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This poem is often wrongly thought to be by Robert W Service. It is published here to the memory of Hugh Antoine D'Arcy, its rightful father.
An Evening with the Bard of the Yukon, July 18 th 2003 at 20.30pm in the Town-Hall of Lancieux, Brittany.
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A Song of Sixty-Five

Published by Susan on 07/26/2003 (3685 reads)
Brave Thackeray has trolled of days when he was twenty-one...

The Garden of the Luxembourg,
Late July 1914.

When on some scintillating summer morning I leap lightly up to the seclusion of my garret, I often think of those lines: "In the brave days when I was twenty-one."

True, I have no loving, kind Lisette to pin her petticoat across the pane, yet I do live in hope. Am I not in Bohemia the Magical, Bohemia of Murger, of de Musset, of Verlaine? Shades of Mimi Pinson, of Trilby, of all that immortal line of laughterful grisettes, do not tell me that the days of love and fun are forever at an end!

Yes, youth is golden, but what of age? Shall it too not testify to the rhapsody of existence? Let the years between be those of struggle, of sufferance -- of disillusion if you will; but let youth and age affirm the ecstasy of being. Let us look forward all to a serene sunset, and in the still skies "a late lark singing".

This thought comes to me as, sitting on a bench near the band-stand, I see an old savant who talks to all the children. His clean-shaven face is alive with kindliness; under his tall silk hat his white hair falls to his shoulders. He wears a long black cape over a black frock-coat, very neat linen, and a flowing tie of black silk. I call him "Silvester Bonnard". As I look at him I truly think the best of life are the years between sixty and seventy.

 

A Song of Sixty-Five

Brave Thackeray has trolled of days when he was twenty-one,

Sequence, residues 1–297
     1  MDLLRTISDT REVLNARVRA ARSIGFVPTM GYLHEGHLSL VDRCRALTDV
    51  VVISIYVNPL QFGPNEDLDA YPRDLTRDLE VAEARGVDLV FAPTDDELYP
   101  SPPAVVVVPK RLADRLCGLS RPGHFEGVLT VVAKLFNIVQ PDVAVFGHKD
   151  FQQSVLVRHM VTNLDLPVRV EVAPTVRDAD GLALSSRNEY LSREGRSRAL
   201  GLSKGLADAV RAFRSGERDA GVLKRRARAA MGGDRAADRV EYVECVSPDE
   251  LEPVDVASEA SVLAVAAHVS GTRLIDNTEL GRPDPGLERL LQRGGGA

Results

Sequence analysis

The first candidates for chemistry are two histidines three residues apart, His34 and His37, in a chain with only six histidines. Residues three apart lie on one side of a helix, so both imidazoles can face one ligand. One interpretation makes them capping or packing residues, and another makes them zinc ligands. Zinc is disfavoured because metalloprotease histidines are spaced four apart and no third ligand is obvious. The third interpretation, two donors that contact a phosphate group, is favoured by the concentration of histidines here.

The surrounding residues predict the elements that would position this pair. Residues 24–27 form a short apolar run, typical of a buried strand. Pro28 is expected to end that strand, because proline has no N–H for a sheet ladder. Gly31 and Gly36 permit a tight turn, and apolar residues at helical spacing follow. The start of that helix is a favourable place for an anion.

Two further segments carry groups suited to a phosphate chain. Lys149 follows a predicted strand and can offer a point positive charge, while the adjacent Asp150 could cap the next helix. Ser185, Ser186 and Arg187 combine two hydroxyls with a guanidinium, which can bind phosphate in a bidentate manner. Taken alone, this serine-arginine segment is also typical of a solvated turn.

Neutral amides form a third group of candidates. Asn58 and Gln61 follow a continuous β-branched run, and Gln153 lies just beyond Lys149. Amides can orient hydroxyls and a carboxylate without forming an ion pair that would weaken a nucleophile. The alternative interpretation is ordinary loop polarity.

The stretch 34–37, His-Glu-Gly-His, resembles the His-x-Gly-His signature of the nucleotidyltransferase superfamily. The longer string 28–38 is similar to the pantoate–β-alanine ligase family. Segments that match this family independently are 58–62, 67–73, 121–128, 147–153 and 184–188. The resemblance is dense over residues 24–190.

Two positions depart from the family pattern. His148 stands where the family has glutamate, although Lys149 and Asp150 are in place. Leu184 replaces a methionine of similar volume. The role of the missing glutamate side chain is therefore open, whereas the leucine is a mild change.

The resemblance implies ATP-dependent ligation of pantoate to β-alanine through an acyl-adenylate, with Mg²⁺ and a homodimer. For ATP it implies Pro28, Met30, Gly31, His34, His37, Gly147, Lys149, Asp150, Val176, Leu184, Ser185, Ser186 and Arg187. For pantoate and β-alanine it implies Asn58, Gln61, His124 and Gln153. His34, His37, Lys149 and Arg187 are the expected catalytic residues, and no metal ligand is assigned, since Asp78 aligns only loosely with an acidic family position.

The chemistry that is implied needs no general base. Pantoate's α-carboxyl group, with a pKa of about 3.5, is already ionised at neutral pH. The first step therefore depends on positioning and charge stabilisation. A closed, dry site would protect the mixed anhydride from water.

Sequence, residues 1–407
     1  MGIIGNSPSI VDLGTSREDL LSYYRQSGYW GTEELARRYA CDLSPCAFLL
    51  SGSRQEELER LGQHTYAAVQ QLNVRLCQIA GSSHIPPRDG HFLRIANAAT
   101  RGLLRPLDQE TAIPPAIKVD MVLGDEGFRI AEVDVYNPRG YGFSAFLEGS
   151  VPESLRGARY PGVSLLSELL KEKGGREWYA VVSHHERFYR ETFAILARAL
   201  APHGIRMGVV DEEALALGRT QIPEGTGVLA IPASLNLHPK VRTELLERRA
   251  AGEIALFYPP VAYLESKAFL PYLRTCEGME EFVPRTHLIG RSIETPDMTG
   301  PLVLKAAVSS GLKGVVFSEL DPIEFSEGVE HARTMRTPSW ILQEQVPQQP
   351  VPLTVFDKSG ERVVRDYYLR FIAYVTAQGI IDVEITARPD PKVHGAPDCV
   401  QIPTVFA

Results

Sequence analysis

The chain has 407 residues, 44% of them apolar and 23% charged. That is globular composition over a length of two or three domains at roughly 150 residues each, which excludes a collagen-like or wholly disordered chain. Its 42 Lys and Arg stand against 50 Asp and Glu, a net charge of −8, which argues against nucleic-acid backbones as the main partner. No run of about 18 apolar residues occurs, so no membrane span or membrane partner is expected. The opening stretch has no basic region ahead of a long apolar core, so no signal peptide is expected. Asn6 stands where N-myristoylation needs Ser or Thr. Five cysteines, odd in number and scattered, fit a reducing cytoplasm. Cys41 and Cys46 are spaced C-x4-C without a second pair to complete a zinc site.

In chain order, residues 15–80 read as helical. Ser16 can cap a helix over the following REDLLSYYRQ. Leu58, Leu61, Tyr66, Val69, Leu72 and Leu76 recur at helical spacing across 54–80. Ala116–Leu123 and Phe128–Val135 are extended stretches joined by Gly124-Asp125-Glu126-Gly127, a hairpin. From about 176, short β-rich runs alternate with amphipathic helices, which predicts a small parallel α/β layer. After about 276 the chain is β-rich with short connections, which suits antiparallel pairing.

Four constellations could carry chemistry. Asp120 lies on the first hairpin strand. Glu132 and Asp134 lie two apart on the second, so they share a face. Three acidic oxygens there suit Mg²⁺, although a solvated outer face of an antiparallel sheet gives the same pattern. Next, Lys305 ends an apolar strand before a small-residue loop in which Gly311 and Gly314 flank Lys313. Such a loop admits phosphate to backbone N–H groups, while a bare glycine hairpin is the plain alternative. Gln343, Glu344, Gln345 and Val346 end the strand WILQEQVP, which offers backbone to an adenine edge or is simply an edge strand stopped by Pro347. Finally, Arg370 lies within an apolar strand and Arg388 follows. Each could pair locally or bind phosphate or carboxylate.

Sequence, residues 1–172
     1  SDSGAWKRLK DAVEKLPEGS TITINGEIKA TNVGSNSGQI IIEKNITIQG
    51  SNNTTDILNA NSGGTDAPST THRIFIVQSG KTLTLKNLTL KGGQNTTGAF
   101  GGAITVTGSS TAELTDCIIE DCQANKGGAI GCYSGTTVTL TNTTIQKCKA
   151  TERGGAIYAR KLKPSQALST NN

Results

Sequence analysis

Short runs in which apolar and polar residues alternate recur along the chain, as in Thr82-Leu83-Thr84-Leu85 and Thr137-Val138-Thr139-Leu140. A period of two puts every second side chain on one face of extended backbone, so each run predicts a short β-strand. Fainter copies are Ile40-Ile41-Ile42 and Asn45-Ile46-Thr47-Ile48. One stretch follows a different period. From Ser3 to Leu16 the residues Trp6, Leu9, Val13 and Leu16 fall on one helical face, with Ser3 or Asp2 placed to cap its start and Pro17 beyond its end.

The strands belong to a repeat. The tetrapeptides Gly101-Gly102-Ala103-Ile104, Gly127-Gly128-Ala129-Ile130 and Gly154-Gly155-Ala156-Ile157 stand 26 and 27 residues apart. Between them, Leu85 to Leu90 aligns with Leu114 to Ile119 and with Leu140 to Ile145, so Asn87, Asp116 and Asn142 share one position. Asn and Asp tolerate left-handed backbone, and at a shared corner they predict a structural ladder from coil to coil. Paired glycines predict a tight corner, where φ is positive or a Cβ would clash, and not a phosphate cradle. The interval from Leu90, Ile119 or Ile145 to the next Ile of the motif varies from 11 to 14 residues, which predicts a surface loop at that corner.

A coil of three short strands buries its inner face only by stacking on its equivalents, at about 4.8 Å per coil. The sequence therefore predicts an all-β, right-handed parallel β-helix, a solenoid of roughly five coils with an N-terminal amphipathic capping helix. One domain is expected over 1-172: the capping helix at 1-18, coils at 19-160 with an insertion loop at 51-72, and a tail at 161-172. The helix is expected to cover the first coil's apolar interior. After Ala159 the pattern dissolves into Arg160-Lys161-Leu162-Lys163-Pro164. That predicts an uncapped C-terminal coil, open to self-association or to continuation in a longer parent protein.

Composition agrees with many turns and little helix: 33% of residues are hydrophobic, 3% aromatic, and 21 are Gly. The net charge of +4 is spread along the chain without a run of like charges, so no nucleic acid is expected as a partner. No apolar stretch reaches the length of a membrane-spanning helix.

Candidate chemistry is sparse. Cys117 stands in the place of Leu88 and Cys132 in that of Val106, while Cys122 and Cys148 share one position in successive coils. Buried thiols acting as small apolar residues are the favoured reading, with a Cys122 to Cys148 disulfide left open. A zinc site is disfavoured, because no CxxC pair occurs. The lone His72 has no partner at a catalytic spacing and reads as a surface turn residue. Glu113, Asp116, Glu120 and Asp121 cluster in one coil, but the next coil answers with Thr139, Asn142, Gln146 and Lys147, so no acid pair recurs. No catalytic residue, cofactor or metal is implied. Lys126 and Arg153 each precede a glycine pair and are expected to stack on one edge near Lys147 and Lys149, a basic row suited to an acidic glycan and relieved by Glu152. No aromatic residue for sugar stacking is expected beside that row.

And bounded up five flights of stairs, a gallant garreteer;
And yet again in mellow vein when youth was gaily run,
Has dipped his nose in Gascon wine, and told of Forty Year.
But if I worthy were to sing a richer, rarer time,
I'd tune my pipes before the fire and merrily I'd strive
To praise that age when prose again has given way to rhyme,
The Indian Summer days of life when I'll be Sixty-five;

For then my work will all be done, my voyaging be past,
And I'll have earned the right to rest where folding hills are green;
So in some glassy anchorage I'll make my cable fast, --
Oh, let the seas show all their teeth, I'll sit and smile serene.
The storm may bellow round the roof, I'll bide beside the fire,
And many a scene of sail and trail within the flame I'll see;
For I'll have worn away the spur of passion and desire. . . .
Oh yes, when I am Sixty-five, what peace will come to me.

I'll take my breakfast in my bed, I'll rise at half-past ten,
When all the world is nicely groomed and full of golden song;
I'll smoke a bit and joke a bit, and read the news, and then
I'll potter round my peach-trees till I hear the luncheon gong.
And after that I think I'll doze an hour, well, maybe two,
And then I'll show some kindred soul how well my roses thrive;
I'll do the things I never yet have found the time to do. . . .
Oh, won't I be the busy man when I am Sixty-five.

I'll revel in my library; I'll read De Morgan's books;
I'll grow so garrulous I fear you'll write me down a bore;
I'll watch the ways of ants and bees in quiet sunny nooks,
I'll understand Creation as I never did before.
When gossips round the tea-cups talk I'll listen to it all;
On smiling days some kindly friend will take me for a drive:
I'll own a shaggy collie dog that dashes to my call:
I'll celebrate my second youth when I am Sixty-five.

Ah, though I've twenty years to go, I see myself quite plain,
A wrinkling, twinkling, rosy-cheeked, benevolent old chap;
I think I'll wear a tartan shawl and lean upon a cane.
I hope that I'll have silver hair beneath a velvet cap.
I see my little grandchildren a-romping round my knee;
So gay the scene, I almost wish 'twould hasten to arrive.
Let others sing of Youth and Spring, still will it seem to me
The golden time's the olden time, some time round Sixty-five.


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